Cybersecurity is a rapidly growing industry internationally, for which there are a number of opportunities and challenges:
- $248 billion worldwide cybersecurity spending by 2023
- Over $600 billion – the global cost of cybercrime in 2017
- 0% – the unemployment in cyber security and 3.5 million unfilled jobs predicted by 2021
- Increasing global competition for talent & investment
Ireland has become a significant base of international technology and security companies:
- Top 5 worldwide security software companies are located in Ireland
- Over 6,000 people working in the cyber security industry
- Strong talent pool, highly skilled multi-lingual workforce
- One of the highest graduates enrolments in mathematics, science and technology fields in the EU-28
- Many of the leading global technology companies have a significant presence in Ireland, such as Microsoft, Intel and Google
Ireland is uniquely placed to benefit from increased global investment, it has an opportunity to position itself as a world class cyber security practices, solutions and investment hub. Cyber Ireland aims to facilitate the cyber security ecosystem to capitalise upon this opportunity.
What is being launched?
IDA Ireland is supporting the establishment of a National Cyber Security Cluster in Ireland, which is hosted at Cork Institute of Technology. Based on industry feedback from a cyber security industry forum event held in Cork in 2017, the establishment of a national cyber security cluster was called for by industry, which would address the following objectives:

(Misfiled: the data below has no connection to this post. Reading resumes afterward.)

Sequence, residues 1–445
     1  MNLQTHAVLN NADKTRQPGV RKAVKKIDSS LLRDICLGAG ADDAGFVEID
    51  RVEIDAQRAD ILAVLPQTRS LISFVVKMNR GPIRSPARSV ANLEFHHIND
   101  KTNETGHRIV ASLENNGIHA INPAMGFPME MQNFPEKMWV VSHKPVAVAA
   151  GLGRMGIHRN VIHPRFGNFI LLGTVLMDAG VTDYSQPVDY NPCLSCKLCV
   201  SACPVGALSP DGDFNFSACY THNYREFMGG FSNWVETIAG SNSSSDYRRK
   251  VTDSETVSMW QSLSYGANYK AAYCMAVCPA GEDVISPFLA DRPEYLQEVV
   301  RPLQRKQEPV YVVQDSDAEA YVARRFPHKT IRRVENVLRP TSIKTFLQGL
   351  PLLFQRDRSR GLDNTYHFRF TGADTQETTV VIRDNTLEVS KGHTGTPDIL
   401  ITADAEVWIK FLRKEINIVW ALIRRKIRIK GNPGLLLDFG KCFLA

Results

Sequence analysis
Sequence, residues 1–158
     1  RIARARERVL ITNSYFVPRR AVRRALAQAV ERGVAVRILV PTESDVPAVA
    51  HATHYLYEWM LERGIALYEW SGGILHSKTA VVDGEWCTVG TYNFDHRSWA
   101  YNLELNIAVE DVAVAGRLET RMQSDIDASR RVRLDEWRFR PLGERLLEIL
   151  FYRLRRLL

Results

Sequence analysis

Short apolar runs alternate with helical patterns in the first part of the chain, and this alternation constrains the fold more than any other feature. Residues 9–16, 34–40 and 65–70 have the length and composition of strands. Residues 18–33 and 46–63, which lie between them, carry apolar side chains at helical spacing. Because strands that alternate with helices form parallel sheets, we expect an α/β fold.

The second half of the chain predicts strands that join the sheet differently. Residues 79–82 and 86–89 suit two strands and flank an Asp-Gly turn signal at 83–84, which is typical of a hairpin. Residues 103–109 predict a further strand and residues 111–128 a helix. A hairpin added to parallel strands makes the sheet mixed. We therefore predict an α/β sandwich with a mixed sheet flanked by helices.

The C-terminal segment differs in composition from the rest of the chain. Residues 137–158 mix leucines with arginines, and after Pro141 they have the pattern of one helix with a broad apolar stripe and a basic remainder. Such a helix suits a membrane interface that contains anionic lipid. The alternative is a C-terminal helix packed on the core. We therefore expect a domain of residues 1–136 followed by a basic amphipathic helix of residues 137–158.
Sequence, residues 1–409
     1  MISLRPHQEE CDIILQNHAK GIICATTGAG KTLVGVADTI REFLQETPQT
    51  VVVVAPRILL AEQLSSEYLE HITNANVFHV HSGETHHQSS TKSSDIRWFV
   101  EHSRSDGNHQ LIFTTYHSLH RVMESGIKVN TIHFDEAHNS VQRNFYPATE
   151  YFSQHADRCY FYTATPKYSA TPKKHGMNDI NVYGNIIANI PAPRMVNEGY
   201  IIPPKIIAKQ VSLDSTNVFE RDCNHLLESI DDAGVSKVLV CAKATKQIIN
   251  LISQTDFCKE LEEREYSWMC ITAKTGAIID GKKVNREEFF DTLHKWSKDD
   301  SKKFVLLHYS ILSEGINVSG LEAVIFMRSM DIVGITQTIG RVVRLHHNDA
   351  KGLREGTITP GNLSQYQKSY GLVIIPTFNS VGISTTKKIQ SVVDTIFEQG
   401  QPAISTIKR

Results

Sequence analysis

- Skills – Sustainable generation of a critical mass of talented information security professionals
- Innovation – Enhanced information security research and innovation between industry and academia
- Promotion – Stronger national industry sector branding
- Internationalisation – international & business development supports
- Collaboration – Explore opportunities for cross-industry collaboration
Cyber Ireland is based on cluster-style initiatives (operating across Europe & internationally), that have proven extremely successful in enhancing innovation, growth and competitiveness of regions, and the companies that are part of the cluster.
For the cluster to be successful, it needs to be industry-driven, fueled by third level education and supported by Government. Without the co-operation of these three pillars, the cluster cannot reach its full potential.